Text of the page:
are investigated. In the course of research, four different examples were collected. Their time
frame stretches from the Middle Kingdom to the Greco-Roman Period.

In this contribution, a new explanation for the word “xai” in the Egyptian pBrooklyn
35.1453 A, H/V, 8/11 is searched for. The previous interpretation as a fish-name turns out to
be unconvincing. In this article, the word is analyzed as a secondary form of “xAw”, which
is a common term for pots. The phonetic change between “A“ and “a“ assumes an extra importance. The solution can be backed up by excellent parallels.

The study of ancient Egyptian coffin decoration has received more interest in the
last years. There has been an increase of archaeometric analysis to identify decoration
techniques, ground layers, type of pigments, resins, varnishes, and binder media. Any
degree of variation, indeed, can reflect stylistic choices, different costs of commission,
availability of materials or the practices of a specific workshop. Despite the several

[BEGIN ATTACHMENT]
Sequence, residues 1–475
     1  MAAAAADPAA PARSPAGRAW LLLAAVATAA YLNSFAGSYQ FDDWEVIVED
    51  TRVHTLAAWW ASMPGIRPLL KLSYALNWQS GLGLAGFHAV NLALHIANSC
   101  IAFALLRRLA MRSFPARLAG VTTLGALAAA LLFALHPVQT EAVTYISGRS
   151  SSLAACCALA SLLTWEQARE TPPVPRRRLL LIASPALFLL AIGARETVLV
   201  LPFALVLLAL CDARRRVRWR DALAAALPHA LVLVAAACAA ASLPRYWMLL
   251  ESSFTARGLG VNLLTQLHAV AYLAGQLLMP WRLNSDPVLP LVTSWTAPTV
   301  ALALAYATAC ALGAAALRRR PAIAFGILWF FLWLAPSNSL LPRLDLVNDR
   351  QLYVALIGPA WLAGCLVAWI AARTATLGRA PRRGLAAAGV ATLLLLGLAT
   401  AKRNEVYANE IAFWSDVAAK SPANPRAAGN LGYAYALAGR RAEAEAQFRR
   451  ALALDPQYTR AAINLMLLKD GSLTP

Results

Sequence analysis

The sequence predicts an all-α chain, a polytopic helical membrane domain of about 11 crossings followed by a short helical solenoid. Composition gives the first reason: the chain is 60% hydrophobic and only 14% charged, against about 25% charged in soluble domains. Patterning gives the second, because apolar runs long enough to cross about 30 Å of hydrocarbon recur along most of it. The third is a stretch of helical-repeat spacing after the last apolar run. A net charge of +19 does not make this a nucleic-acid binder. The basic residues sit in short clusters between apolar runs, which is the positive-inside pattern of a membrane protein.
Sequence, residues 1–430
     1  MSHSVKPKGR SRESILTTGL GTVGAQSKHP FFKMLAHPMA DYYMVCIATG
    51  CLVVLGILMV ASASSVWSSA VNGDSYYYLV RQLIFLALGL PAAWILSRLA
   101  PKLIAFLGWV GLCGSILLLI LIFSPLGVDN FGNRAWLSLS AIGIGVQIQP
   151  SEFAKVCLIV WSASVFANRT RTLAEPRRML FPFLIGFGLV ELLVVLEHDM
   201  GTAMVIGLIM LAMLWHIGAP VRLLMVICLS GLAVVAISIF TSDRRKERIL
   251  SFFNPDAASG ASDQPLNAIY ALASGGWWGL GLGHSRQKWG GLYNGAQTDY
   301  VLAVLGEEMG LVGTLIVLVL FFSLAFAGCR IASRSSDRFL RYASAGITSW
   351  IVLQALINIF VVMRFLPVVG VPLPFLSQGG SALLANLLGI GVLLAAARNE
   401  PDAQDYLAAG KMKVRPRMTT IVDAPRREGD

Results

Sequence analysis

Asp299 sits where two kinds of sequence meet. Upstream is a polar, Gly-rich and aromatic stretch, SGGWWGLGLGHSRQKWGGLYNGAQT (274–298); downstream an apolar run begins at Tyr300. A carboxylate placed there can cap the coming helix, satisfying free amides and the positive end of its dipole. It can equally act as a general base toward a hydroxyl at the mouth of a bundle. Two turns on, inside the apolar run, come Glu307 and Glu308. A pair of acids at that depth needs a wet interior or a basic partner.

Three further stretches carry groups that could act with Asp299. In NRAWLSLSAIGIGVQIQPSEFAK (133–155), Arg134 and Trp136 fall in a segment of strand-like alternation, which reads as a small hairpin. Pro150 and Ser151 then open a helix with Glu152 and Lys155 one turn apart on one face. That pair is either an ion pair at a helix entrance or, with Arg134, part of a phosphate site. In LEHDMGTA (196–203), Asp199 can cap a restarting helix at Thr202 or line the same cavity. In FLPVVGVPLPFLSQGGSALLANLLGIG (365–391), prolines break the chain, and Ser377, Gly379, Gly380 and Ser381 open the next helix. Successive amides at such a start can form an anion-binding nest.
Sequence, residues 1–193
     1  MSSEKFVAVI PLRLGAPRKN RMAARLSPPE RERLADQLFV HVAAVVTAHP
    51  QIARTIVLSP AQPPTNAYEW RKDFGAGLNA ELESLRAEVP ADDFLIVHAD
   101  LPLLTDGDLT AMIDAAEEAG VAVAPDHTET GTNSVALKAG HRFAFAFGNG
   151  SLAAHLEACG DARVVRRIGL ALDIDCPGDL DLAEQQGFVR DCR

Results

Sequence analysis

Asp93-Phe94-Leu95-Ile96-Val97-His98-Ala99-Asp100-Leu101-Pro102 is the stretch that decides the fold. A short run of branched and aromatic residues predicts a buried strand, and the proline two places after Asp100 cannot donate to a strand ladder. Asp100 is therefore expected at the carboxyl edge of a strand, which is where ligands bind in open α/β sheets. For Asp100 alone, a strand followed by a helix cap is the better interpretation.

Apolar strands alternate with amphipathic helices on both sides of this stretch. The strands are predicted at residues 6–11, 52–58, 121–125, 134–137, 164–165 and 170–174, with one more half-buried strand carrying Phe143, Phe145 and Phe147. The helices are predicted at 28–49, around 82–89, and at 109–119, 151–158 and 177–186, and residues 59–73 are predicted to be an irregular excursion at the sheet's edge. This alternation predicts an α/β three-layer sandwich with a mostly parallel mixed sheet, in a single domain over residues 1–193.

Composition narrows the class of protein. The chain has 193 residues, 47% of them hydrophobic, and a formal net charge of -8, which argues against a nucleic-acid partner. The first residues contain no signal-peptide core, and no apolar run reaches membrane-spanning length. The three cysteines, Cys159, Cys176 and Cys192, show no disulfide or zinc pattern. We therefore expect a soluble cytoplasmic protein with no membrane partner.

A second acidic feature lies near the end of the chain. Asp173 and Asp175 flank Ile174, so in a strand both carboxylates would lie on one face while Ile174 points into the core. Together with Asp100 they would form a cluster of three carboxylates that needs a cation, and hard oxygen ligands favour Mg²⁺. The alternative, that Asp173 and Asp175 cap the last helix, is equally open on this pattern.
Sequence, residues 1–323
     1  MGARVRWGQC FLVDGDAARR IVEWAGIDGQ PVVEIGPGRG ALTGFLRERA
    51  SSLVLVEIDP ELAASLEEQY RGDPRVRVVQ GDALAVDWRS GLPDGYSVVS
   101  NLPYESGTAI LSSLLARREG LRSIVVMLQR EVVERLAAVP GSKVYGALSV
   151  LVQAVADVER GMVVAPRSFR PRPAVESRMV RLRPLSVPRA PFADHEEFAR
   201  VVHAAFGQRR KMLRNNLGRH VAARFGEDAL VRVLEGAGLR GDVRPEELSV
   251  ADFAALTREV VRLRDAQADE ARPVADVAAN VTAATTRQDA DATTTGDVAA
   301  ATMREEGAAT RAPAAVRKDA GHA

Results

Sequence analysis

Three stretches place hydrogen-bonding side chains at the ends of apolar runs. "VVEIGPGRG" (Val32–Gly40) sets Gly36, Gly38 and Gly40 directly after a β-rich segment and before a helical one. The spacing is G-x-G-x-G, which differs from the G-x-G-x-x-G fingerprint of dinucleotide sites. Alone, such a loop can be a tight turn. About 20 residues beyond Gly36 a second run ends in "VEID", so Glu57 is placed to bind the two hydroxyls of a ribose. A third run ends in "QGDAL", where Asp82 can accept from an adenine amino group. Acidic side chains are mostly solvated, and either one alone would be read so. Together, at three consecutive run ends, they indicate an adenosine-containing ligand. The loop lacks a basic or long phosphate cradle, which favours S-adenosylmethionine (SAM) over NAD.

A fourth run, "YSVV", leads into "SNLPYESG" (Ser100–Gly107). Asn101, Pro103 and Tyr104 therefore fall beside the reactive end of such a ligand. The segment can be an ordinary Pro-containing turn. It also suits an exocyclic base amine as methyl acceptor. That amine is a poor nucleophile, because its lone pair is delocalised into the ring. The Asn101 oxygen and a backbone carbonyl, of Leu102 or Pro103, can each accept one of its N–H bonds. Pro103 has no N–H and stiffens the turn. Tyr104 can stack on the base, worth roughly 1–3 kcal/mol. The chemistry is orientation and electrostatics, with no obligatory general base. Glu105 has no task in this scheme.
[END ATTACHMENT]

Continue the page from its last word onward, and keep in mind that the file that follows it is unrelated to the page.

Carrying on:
recent investigation on Late Period, Ptolemaic and Roman coffins preserved in various
museums, the most interesting works on the varnishes used on funerary objects during the
New Kingdom (i.e. the yellow varnish and black varnish) have been published by Serpico
and White. According to them, the first use of these two varnishes is dated back to the
appearance of the black coffins with yellow decoration, which are the main topic of Lisa
Sartini current PhD project. Therefore, we decided to analyse the organic compounds in
the decoration of the black coffins of the Egyptian Museum in Florence, thanks to the
collaboration between the Department of Civilisations and Forms of Knowledge and
the Department of Chemistry and Industrial Chemistry of the University of Pisa. The
sampled specimens are: the coffin of Kent (6526), the coffin of Nebtauy (6525), the lid
and the mummy-board of Ipuy (2175 A-B) – all coming from Thebes and dated between
the end of 18th dynasty-beginning 19th dynasty – and the coffin of Kenamun (9477) from
Thebes, dated in the reign of Amenhotep II. Our research is in addition to the analysis
already performed on the black coffins with yellow decoration exhibited in the British
Museum, the Louvre Museum, the Museo Egizio of Turin and the Michael C. Carlos

This paper aims to present some hypothesis to interpret the occurrence and function of
some vessels found set in the floor of the monastic housing units investigated during the last
(2018) field season at the Byzantine site of Manqabad (Asyut, Egypt) by the archaeological
mission of the University of Naples “L’Orientale” (UNIOR), the University of Rome “La